Saturday, October 29, 2011

30 Years of AIDS: The AIDS Alphabet - E is for Entry Inhibitors

30 Years of AIDS: Learning the AIDS Alphabet--E Is for Entry Inhibitors

Angel in Central Park, by Alina Oswald
Over the last 30 years, AIDS patients have tried various medications that could keep them alive and a step ahead of the disease. One of the warriors, at war with their AIDS, is best-selling author of Signals and Hope, Joel Rothschild. To find out more about his story and his life (including his life taking medications known as entry inhibitors, please read my article "Scratching the Surface of the Divine," originally published by A&U Magazine - America's AIDS Magazine. Award-winning photographer Kurt Weston is another AIDS warrior who also talked to me about his life with AIDS and with medications (including entry inhibitors like Fuzeon) designed to keep him ahead of the disease. I'd like to share with you a short excerpt from Journeys Through Darkness, a biography of Weston's life and artwork, that talks about entry inhibitors.

Entry Inhibitors: The role of entry inhibitor medications is to keep HIV from entering the T cell. One example of entry inhibitor is Fuzeon (T20), available only as an injection administered under the skin, usually twice a day. Other entry inhibitors include selzentry/Maraviroc and Vicriviroc.

In 2003, FDA approved a medication called Fuzeon (or T20) supposed to fight HIV by not allowing the virus to enter the T cell. Because it is difficult to manufacture, the drug is extremely expensive and available only as an injection. Studies have shown that AIDS patients who are on Fuzeon may get skin rashes where they self-administer the shots, or some may become more prone to developing pneumonia.
While on Fuzeon, Kurt has experienced very few side effects and he liked that very much. Also, to make best use of the medication and his time, he had no choice but to quickly learn how to integrate his shots into his daily schedule.
Ever since his diagnosis, AIDS has been a constant variable in the equation that describes Kurt Weston’s existence. In time and with the appearance of new treatments, the threat of his disease has turned from immediate to manageable. These days, AIDS has become more of a constant companion in his life rather than a threat, but it continues to influence, at least partly, all decisions, minor and major alike, that he has to make—be they related to his studies, to traveling or eating his meals. 
   In general, some medications have to be taken with food, while others before or after meals at precise times each day, several times throughout the day, for the rest of the AIDS patient’s life. For this reason, people living with the virus and on such medications always have to take their treatments into consideration when planning their daily activities.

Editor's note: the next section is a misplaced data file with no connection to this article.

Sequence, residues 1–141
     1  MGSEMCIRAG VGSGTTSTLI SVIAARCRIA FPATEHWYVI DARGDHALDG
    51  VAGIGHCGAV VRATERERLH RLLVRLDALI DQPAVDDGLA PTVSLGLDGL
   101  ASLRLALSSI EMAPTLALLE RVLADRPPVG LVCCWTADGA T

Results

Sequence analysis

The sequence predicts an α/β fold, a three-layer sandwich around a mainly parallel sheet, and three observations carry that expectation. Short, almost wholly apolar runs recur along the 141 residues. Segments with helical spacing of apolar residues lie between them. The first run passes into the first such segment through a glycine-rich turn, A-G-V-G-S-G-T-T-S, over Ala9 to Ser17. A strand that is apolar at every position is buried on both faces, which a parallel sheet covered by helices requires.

On mornings when he had to make it to school early, Kurt made sure to get all his medications ready the previous night before going to sleep. He lined up all his pills so they would be ready for him to grab on his way out the door the following morning.
But pills are only a small part of Kurt’s treatment. He also has to give himself daily injections.
To be able to self-administer the Fuzeon, he first has to prepare the fluid—that is to put sterile water in the Fuzeon vial and get it hydrated. Then he would store the container in the refrigerator until he’s ready to use it, which should be within twenty-four hours. The daily two Fuzeon shots have minimum side effects on Kurt, but, on the other hand, they’re also “a pain in the ass,” as he calls them, because they require a lot of knowledge, work, patience, and time. And Kurt has to deal with these treatments and medications every single day, no matter how busy or fast pace his day may be.
For a while, Kurt was also taking a trial medication supposed to reduce his lipodystrophy (or body fat mal-distribution), which is a side effect to some HAART regimens. This was a new and experimental drug supposed to keep his fat from accumulating in all the wrong places. Therefore, every single day, after getting his first medication started, he had to take his first dose of pills, and then start hydrating his second, trial medication. Kurt had to self-administer two vials of this medication, daily, in order to see any results. For a while it seemed to work nicely and he started losing his P.I. belly. He also learned to wear clothes that would hide whatever was left of it… Eventually, Kurt had to stop taking the trial medication because of its various side effects.
Medication also interferes with patients’ traveling schedules. Kurt Weston avoids being away from home for longer than a week, partly because he doesn’t have enough room in his suitcase to carry medication for more than six or seven days at a time. When he travels, the photographer has to bring with him the Fuzeon kits containing the syringes, alcohol swabs, medications, sterile water and all the vials with the actual medication. He has to pack them so that they don’t break or get damaged in any way, and then pray to God that at the airport nobody stops him to ask why he’s carrying all those syringes and vials with him.
The entire process is a hassle, but Weston prefers it to taking lots of pills that give him lots of negative and powerful side effects. With the Fuzeon injections, he only experiences a hard tiny bump at the place where he administers the injection, and only because it takes awhile for the drug to disperse from under his skin. But to take a drug whose only problem is that it has to be injected is not a big deal for Weston. He has been on other drugs that gave him all kinds of “unpleasant” side effects.